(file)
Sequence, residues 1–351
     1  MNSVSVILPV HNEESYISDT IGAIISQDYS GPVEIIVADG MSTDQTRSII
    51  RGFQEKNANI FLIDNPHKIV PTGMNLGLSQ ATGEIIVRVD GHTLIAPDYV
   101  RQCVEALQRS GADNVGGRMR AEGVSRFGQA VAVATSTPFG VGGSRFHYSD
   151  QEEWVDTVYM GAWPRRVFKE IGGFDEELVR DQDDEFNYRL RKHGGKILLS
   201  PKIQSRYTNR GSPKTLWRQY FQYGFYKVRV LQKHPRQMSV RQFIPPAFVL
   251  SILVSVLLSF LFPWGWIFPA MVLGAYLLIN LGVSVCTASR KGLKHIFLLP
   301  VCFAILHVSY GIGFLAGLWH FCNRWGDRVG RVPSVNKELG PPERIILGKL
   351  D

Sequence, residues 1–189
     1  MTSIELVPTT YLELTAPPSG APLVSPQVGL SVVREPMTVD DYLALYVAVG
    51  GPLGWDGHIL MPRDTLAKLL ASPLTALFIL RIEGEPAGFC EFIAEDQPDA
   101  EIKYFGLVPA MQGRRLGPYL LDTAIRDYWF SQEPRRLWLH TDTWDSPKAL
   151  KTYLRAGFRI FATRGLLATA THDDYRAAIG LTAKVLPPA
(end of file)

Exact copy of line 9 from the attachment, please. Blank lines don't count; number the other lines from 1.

   351  D